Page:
Thursday, 28 November 2013

Talking to the trees.

On Wednesday I held a public meeting at All Saints Highertown to discuss the Council's plans for 'highway improvements' related to the Taylor Wimpey development at Old Richard Lander School and the impact on the trees on A390 along the verge opposite Penwerris Road.

The meeting was somewhat derailed by someone campaigning in a by election for the City Council who claimed wrongly that they had saved the trees.  Nevertheless, more than 50 people turned up. Officers from Highways explained that they were working on a plan to try to replace the extension of the bus lane with a bus gate at the end of Treliske Lane which would allow buses to jump the queue.

They have been working with Taylor Wimpey on a redesign since August when residents first discovered men in yellow jackets eyeing up the trees.  The plan is still not done and they do not expect to go out to public consultation for, maybe , five or six months. It is not yet clear whether the plan is feasible and whether all the trees can be saved but they are doing their best to minimise any destruction.

They had a bit of a roasting by the public last night- as did those playing politics with trees.  Many people took the opportunity to air their frustrations with the new look Chiverton, Trafalgar Roundabout, 'priority junction' at the end of Newbridge Lane et al.

In all the melee I forgot to say that Woodleigh Grange is to be rebranded after Christmas.  The hot favourite is Penn an Dre (meaning Head of the Town) or possibly Parc Penwethers.

Cabinet yesterday, highlights or lowlights.

At Cabinet yesterday there was the most surreal discussion ever.  Cllr Folkes and his Lib Dem colleagues attempted to persuade the rest of the Cabinet to back a plan to build a big office in Bodmin in part speculatively for BT. The Lib Dems could not even agree what they would do with it if BT didn't want space in it.  In particular, they do not want to move any significant number of staff from Liskeard or St Austell to Bodmin.

The Section 151 officer was brought in to advise them in the strongest terms that their plan would prevent the Council from saving over £750,000 a year.  But those who had waved through provisions charging vulnerable people for transport to day centres and raising adult social care fees by more than 200% in some cases, seemed not to care.  As they were six out of ten in favour (all the Lib Dems plus Julian German) that carried the day.

Andrew Wallis who voted against with good reason, because it prioritised offices (for BT) over front line services for the vulnerable, has said, however, that he will now get behind the project.  No risk of a resignation on principle there then.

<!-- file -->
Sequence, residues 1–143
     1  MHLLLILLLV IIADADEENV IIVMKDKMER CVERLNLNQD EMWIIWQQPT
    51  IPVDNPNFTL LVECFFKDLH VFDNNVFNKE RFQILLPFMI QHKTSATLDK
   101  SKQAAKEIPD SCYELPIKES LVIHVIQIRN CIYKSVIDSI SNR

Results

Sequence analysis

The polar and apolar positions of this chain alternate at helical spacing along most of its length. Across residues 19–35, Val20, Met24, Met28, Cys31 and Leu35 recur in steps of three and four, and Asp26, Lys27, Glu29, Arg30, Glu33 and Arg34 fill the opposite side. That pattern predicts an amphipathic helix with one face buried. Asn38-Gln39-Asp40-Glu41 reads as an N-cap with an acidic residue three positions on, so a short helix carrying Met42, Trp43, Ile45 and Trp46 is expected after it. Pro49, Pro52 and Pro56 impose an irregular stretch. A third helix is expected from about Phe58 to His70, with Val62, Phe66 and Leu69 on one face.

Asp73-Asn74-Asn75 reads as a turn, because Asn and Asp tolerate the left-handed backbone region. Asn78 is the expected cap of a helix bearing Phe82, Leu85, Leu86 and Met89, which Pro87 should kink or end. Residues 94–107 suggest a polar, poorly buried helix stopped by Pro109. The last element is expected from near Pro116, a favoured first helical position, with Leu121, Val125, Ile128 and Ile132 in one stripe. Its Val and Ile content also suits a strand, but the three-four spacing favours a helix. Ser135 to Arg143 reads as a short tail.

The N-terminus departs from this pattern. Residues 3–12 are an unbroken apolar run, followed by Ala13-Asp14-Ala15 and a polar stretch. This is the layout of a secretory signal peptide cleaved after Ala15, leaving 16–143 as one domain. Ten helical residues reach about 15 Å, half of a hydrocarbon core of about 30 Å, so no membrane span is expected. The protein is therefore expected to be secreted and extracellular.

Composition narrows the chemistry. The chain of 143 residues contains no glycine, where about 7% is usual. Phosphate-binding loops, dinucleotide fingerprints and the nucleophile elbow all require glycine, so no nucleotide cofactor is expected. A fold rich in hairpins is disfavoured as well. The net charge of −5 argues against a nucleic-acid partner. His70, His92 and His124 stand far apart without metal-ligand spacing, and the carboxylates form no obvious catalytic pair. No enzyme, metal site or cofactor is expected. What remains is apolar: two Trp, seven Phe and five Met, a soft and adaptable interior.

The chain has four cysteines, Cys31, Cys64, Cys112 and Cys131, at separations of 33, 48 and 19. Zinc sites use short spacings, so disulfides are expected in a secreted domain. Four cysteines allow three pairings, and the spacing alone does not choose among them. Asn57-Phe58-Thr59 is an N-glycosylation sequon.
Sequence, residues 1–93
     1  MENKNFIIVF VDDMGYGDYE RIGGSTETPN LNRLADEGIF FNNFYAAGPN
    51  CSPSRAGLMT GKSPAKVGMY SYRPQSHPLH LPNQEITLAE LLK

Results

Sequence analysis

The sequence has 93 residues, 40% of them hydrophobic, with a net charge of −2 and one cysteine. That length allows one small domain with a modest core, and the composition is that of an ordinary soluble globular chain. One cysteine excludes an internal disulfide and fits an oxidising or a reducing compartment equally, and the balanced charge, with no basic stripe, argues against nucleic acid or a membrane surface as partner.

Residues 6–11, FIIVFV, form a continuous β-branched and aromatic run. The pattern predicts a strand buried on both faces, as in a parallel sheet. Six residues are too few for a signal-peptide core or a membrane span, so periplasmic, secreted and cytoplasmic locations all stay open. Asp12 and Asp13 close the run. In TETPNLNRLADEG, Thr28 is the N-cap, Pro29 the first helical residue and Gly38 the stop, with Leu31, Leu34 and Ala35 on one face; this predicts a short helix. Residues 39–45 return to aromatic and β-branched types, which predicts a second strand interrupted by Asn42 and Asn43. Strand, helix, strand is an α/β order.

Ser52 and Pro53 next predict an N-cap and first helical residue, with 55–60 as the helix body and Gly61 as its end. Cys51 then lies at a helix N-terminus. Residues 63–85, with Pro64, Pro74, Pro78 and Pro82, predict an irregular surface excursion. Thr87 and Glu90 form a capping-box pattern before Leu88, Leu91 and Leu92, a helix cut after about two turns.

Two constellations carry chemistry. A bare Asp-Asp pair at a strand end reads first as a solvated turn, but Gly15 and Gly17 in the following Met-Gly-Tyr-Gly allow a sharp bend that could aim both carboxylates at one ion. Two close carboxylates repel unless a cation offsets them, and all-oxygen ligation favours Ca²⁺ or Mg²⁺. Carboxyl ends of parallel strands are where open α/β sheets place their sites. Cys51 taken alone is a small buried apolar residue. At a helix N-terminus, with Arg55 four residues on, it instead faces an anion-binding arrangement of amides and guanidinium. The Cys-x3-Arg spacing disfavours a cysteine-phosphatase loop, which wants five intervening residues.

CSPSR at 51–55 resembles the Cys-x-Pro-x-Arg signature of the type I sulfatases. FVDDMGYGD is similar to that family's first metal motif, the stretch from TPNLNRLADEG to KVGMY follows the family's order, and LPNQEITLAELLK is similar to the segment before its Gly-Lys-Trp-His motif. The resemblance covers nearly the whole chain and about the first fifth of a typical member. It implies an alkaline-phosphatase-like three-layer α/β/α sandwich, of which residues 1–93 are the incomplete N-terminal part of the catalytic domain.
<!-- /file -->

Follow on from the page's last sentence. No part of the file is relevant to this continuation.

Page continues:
Look out all those struggling to make a crust in small shops and small sheds - your council tax/ business rates will be spent on quality office accommodation for the Council (or even BT).  Is Cllr Folkes listening to his own propoganda that there is no money?

In addition.....

Rumours circulate that the Cabinet's extremely controversial decision about the closure of the Mexico Inn level crossing at Long Rock may be 'called in' for review.  Many members of the public were present for that debate.

Increased charging for transport for vulnerable people and adult social care were waved through.  Some residents may now pay up to nearly £800 a week (a rise of over 200%)

It was probably unavoidable but I was sad to see the break up of the Carn Brea Leisure Centre.  Even if the running track is remade at Redruth School (and I hope it is) I doubt it will ever be as satisfactory as it is attached to the public leisure centre.

£100,000 per year was agreed to support the Cornish language provided the government grant us £400,000.  Apparently the language has reached 'a turning point' on which the Council must capitalise.

The Council will be offered the choice of voting for 42,250 houses (approved by the last Council) or 47,500 ( the minimum that officers consider will be acceptable to the Planning Inspectorate).  A debate for 14th January.

Why we didn't amend the Council Budget; an anorak's guide

As my colleagues from the last Council will know I support constructive Budget amendments.   So why not this year?